28. Global companies set up shop in 3rd world countries and hold up minimal food and shelter as enticement and 10000000 people beg them for work. That may work, but you have to spend years training them for 1 position and excessively supervising them, and they never gain the dynamism and skill that any one person has on this side of the Ocean.

  29. I don’t think anyone wants to hire a brit who’s not resident in the States, and I’m not financially secure enough to just go ahh hell and move over.

    The catch 22 though is that there aren’t any companies doing work here in search, or willing to do anything revolutionary.

    It’s bizarre that I’m so in demand here and can’t even find a way to get US companies to look at my CV?

  30. I don’t think anyone wants to hire a brit who’s not resident in the States, and I’m not financially secure enough to just go ahh hell and move over.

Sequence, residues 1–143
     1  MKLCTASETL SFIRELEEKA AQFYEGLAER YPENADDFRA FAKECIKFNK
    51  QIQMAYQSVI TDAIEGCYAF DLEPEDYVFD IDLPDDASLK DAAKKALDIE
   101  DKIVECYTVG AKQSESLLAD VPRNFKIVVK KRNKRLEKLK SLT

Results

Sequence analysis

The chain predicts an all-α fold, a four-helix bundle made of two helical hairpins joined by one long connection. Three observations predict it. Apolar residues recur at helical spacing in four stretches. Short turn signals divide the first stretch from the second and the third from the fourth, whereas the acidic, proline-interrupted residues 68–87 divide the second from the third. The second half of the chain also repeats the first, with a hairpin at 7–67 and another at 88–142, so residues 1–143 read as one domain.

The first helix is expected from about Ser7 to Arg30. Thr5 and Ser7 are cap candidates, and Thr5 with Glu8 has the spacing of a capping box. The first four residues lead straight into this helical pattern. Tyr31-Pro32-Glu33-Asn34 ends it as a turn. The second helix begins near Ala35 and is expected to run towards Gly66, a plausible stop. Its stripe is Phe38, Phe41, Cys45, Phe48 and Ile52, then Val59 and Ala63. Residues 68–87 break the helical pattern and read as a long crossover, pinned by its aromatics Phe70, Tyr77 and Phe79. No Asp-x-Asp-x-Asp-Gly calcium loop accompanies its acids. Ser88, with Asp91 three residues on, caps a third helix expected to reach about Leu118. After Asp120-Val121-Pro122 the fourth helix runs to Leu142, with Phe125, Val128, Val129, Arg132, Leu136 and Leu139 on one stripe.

The catch 22 though is that there aren’t any companies doing work here in search, or willing to do anything revolutionary.

    It’s bizarre that I’m so in demand here and can’t even find a way to get US companies to look at my CV?

  31. Oh the ‘best and brightest’ arrogance will bite them in the back, as their HR Dept. is a clueless mess, inefficient, spammy, lacking in basic field knowledge, unprepared, wholly inefficient, with a serious overemphasis on school pedigree and GPAs over raw real-work experience, and seemingly lacking in any sort of recruitment tracking. Hey, they work in search, tracking our every search query, you think they could get a handle on whom they pitch. They recruit like some automatic robotic algorithm, that whole human element seems to befuddle them.

    I know a certain someone that they were pitching for a Marketing position, now this guy was top of his field, having several Clio’s to his name, but he didn’t go to the ‘right school’ and screwed up his college GPA. But considering his client list and success, that was but the dim past, not at Google, that was the #1 issue. You’d think they’d focus on relevancy, being a search engine and all. Plus it was a long drawn-out process and he’s the type you have to schedule appointments with far far in advance, to be handled by some flunky who couldn’t even Google him, made him boiling mad. I guess the offer was big enough to get even him to look, but the process and sheer cultish arrogance of the Googlers, counted him out. And the irony of it, he controls massive advertising budgets…